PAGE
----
Apr 212014
 

680 Folsom Street
SOMA East of 5th

Reflections at 680 Folsom street

This piece by Gordon Huether is titled Reflections.  It is part of the 1% for Art program in San Francisco.

According to his website Gordon Huether was born in Rochester, NY in 1959, to German immigrant parents. Having dual citizenship in Germany and the U.S., Huether has spent much time traveling between both countries. Huether learned art composition and appreciation at an early age from his father. In the course of his initial artistic explorations, Huether was resolved to create a lasting impact on the world around him through the creation of large-scale works of art. He took a deliberate step towards this goal in 1987 when Huether founded his studio in Napa, California.

 In 1989 Huether was awarded his first public art commission for the University of Alaska Geophysical Institute. Given the opportunity to collaborate with a building design and construction team, allowed Gordon to realize what he envisioned, and proved to be a significant step for him.

Reflections by Gordon Huether

 

Reflections draws on Huether’s belief that our essence can always be found in nature and light. The dichroic glass panels mounted to the stainless steel frame allow the viewer to explore that essence through the images they reflect, whether beautiful and pristine, or dirty, damaged and decayed.   The piece is made of  glass and metal and stands 5 X 12 X 5 feet.

Glass piece of art work on Folsom Street

Apr 142014
 

240 2nd Street
SOMA East of 5th

Marine Firemens Union Headquarters

The Pacific Coast Marine Firemen, Oilers, Watertenders and Wipers Association often referred to as the Marine Firemen’s Union is an American labor union of mariners working aboard U.S. flag vessels. The Marine Firemen’s Union is an affiliate union of Seafarers International Union.The union was formed in San Francisco, California in October, 1883 by firemen on coal-burning steamers.

Marine Firemen's Union Headquarters

The building that holds this bas-relief was opened in 1957.  Sculptor Olof Carl Malmquist designed the exterior bas-relief depicting marine firemen at work in a ship’s engine room.

Olof Carl Malmquist

Olof Carl Malmquist (1894-1975) was born in Wallingford, CT on October 26, 1894. Malmquist studied under Lee Lawrie at Yale and continued on a fellowship at Rome’s American Academy. After settling in San Francisco in 1922, he provided architectural embellishments on many public buildings in northern California. He contributed greatly to the sculpture on Treasure Island for the Golden Gate International Exposition of 1939.  He died in San Francisco.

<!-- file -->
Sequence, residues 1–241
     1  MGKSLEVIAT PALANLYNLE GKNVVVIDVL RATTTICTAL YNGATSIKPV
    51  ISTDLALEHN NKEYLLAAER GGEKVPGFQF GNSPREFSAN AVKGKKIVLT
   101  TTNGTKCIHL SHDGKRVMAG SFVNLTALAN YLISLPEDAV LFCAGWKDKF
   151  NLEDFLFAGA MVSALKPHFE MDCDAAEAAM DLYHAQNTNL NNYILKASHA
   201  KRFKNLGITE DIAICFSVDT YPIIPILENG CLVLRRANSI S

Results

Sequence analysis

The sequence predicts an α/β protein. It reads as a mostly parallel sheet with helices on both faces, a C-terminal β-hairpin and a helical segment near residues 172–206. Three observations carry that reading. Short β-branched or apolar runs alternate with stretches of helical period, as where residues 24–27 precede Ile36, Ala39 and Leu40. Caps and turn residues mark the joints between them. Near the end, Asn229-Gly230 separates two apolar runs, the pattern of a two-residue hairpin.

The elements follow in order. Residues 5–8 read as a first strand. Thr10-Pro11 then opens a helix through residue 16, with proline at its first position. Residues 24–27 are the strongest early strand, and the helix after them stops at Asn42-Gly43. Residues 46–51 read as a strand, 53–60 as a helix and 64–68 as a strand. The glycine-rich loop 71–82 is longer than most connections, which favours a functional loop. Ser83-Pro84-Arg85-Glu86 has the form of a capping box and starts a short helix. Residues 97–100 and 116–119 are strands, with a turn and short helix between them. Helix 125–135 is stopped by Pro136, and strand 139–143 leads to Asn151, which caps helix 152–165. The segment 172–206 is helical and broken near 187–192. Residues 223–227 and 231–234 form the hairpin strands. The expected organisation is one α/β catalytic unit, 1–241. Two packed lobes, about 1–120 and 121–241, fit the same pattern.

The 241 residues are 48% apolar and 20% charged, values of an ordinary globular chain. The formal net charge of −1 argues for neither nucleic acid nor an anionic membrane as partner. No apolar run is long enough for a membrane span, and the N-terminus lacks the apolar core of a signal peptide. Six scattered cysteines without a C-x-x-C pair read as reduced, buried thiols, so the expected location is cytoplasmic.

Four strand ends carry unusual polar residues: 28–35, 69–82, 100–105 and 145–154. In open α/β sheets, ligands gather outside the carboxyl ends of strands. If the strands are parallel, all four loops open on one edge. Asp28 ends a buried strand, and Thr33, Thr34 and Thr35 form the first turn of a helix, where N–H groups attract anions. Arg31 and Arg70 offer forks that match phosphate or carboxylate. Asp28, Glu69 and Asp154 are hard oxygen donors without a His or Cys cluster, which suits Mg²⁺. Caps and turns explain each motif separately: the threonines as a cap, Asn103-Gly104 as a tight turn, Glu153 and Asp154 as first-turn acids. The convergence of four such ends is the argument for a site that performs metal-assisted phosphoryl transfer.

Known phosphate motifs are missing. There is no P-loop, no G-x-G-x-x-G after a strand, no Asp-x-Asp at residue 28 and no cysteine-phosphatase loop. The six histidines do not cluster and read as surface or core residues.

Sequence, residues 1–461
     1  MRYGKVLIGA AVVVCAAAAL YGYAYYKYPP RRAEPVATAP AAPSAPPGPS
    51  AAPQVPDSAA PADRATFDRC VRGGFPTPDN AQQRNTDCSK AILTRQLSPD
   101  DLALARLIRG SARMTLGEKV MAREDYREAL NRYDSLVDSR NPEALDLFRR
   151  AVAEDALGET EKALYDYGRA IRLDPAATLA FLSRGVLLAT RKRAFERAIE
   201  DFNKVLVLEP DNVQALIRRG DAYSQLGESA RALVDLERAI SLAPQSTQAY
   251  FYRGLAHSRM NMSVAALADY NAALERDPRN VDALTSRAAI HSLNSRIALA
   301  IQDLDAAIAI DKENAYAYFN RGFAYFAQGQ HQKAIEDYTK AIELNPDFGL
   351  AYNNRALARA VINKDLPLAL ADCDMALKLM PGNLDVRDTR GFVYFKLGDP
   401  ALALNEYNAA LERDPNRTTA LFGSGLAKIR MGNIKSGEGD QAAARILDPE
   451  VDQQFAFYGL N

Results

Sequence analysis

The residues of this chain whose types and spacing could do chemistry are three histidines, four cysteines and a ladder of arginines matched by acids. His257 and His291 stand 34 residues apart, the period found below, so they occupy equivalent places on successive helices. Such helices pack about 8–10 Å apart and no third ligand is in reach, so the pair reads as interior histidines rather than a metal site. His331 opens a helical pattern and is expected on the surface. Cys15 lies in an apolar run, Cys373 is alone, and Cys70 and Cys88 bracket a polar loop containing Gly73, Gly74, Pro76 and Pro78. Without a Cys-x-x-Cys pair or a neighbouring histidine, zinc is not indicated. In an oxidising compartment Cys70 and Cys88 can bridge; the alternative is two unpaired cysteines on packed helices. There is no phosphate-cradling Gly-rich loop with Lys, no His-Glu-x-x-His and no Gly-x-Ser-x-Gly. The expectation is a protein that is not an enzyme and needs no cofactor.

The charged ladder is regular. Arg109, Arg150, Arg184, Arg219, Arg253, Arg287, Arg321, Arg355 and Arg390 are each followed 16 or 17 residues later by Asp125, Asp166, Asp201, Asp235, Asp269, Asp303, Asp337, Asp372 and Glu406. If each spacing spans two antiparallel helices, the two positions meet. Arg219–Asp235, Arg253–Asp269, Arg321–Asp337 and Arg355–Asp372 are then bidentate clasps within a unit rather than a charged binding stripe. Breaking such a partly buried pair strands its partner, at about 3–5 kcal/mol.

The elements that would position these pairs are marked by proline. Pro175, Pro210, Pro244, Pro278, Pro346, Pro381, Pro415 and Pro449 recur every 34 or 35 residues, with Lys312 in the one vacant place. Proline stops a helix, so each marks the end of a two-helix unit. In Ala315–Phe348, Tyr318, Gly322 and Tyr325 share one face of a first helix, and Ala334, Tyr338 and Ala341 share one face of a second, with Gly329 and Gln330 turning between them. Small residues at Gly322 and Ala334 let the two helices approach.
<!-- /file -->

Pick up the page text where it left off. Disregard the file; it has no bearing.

Olof Carl Malmquist

I want to especially thank the authors of a wonderful book The San Francisco Labor Landmarks Guide Book, that was the only place I was able to find the artist of this historic piece.

Apr 072014
 

SFPUC Building
525 Golden Gate Avenue
Civic Center

Ned Kahn's Rain Portal

Rain Portal by Ned Kahn.  Kahn has several pieces around San Francisco that you can read about here.

Ned Kahn’s Rain Portal is located inside the lobby of the new Public Utilities building.  Kahn’s Firefly graces the exterior of the building and you can read about it here.

Rain Portal seeks to permeate an interior architectural wall with rain. Drops of water falling inside of an undulating polycarbonate membrane suggests the endless cycle of evaporation and precipitation.

According to Kahn, “One of the paradoxes of the Rain Portal is that much of the entire history of architecture can be viewed as the endeavor to keep rain out. Here we have invited it in.”

DSC_8282

 

The installation covers two walls located on either side of the lobby stairway. The installation is a self-sustaining system that continuously recycles water to create the illusion of rain inside the clear polycarbonate wall panels. The extruded polycarbonate has multiple cells of plastic that through which water is pumped up from a reservoir at the bottom of the panels and released as small drops into the top. The artwork was dedicated with the opening of the building in June 2012.

SFPUC Rain Portal

The installation of Rain Portal cost $24,800, and was done by Gizmo Art Productions.  I was unable to find what the piece itself cost.

SFPUCThese two plaques are not part of Ned Kahn’s installation, but rather part of the buildings effort to be one of the foremost water conscious buildings in the world.  An important reminder while California enters another year of sever drought.

Mar 312014
 

154 McAllister Street
Civic Center

Peace by Reka

 

According to Reka’s own website:

James Reka – Melbourne, Australia

Self-taught artist

James Reka is a young contemporary Australian artist based in Berlin, Germany. His origins lie in the alleyways and train lines of Melbourne’s inner-suburbs where he spent over a decade refining his now-emblematic aesthetic. His character work has come to represent the beginnings of a new style of street art: clean, unique and not necessarily on the street (much to his mother’s joy). With influences in pop culture, cartoons and illustration, Reka’s style has become known for its fusion of high and low art. This style emerged from his Pop-Art-influenced logo design background, featuring simple but striking lines and colour ways. Over time, the logos and symbols he created for clients evolved into more structured, animated forms and embraced variances of the different media he began experimenting with.